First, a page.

Is there an ideal number of stocks to own?
Not exactly, according to experts—but you should have at least 20 and possibly a minimum of 60, according to a range of research and investing experts and research.
It’s a big undertaking to consider your investing timeline, risk tolerance, and how much you want to allocate to each stock. “You need to be technically savvy and understand companies and how to analyze them,” says Corbin Blackwell, certified financial planner and senior financial planner at Betterment.
However, there are low-cost and proven shortcuts to owning dozens of stocks. Let’s talk about stock diversification.
Is There an Ideal Number of Stocks to Own in Your Portfolio?
The biggest strength in any portfolio is diversification. When you have diversity, you can more easily mitigate risk and weather market downturns —as well as earn better returns over the long term.
For these reasons, you’ll need several stocks in different sectors that can balance each other out. “A small number of companies is not going to provide enough broad diversification,” says Blackwell, who speculates the average investor would need a double-digit number of stocks for appropriate diversification.
“Anything under 20 is highly concentrated, and at that point, you’re exposing yourself to single-security risk,” says Liz Young, head of investment strategy at SoFi. That means your investments could fluctuate by big margins every time one industry or company has a price change.
Some experts say that somewhere between 20 and 30 stocks is the sweet spot for manageability and diversification for most portfolios of individual stocks. But if you look beyond that, other research has pegged the magic number at 60 stocks.
A study completed from 1986 to 1999 by Ronald J. Suez and Mitchell Price of Roxbury Capital Management investment firm in California found that when portfolios have 60 stocks (or more), investors will achieve 89% diversification, meaning your portfolio is protected against volatility. Anything less than that can be detrimental to your portfolio, the research found.
Why Is It Important to Have Diversity in Your Stocks?
“You don’t want to have concentrated risk in a single company or industry,” says Young. “There are drivers that can happen in the economy and in the market – and they do not affect all sectors equally.”
Your stocks aren’t supposed to all move up or down at the same time, Young says. A diversified portfolio will have subsets in the red and others in the green, because different factors drive the market each day. Having diversity in your stock choices gives you exposure to more industries and balance during downturns. And it’s easier to predict future risk for more accurate projections.
Investors should have no less than 60 stocks in their investments in order to have a well-diversified portfolio. If you don’t have time to research but want to start investing, consider a low-cost, broad-market index fund instead.
Spreading out your investments reduces your portfolio’s risk while maintaining the same expected return, says Blackwell.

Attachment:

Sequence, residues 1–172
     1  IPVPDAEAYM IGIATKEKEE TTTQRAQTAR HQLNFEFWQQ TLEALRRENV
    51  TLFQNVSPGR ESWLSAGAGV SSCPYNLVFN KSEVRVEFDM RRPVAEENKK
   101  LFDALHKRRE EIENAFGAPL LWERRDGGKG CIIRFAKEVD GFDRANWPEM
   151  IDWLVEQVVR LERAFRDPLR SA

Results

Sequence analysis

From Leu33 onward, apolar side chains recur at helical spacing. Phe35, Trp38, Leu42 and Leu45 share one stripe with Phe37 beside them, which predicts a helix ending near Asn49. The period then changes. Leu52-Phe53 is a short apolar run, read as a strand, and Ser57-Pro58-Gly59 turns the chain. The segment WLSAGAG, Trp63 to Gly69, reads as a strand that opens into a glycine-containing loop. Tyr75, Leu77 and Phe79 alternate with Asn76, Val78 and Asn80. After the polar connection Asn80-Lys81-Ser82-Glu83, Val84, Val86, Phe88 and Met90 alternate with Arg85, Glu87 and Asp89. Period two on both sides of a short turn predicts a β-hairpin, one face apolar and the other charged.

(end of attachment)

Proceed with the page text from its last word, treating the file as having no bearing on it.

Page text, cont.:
When you have a portfolio heavily concentrated on a handful of companies or just a few industries, if one company or industry goes down, then your whole portfolio goes down. Diversification helps to make sure that doesn’t happen, or at least provide a cushion if one area is free falling down.
One of the best ways to mitigate risk and ensure a diverse portfolio is to invest in low-cost, broad-market index funds, such as the S&P 500 fund, a total market fund, or even funds devoted to a cross-section of the market like a technology or small cap fund.
These funds often include holdings in hundreds of companies across industries and seek to match the performance within the overall market. If you decide to invest in an index fund, you can make it the centerpiece of your portfolio and supplement with single stocks, which is the strategy that Blackwell and Young recommend.
How Often Should You Swap Stocks Out?
It depends on your goals. If you want your portfolio to last into retirement and you have a long investment horizon, somewhere between quarterly and once or twice a year is ideal. If you only want to hold stocks for a short while, you might rebalance, meaning buy and sell certain stocks to match your goals, more often, such as every year until you’ve reached your target.
It’s generally a good practice to hold all your stocks for at least a year to avoid paying short-term capital gains taxes. For tax purposes, anything you hold for less than a year is considered short-term. So unless it’s worth it to pay those taxes, you should expect to hold on to your stocks for at least a year, and potentially much longer, depending on what your future plans are for your money.
How to Start Investing Today
If you don’t have the time or energy to put research into individual stocks, index funds are a great way to achieve instant diversification. They track the overall market (or a portion of it) and allow you to invest in hundreds of companies with one transaction.Many people use them as a primary investment vehicle not only because of their efficiency, but because you don’t need any prior knowledge to start investing. They may also have extremely low fees.
Wherever you land, the best way to start is to open an investment account with a brokerage. Then you can purchase index funds or individual stocks as you build your investment plans and portfolio. Most brokerages also provide tools for ongoing research and an overall snapshot of each available company stock or index fund.
If you need more assistance in your investment portfolio, a robo-advisor can ask you a few questions about your risk tolerance and investment timeline to determine the best investment strategy for you. Most often, they’ll assemble a mix of index funds for you, and are reliable for beginner investors to get started.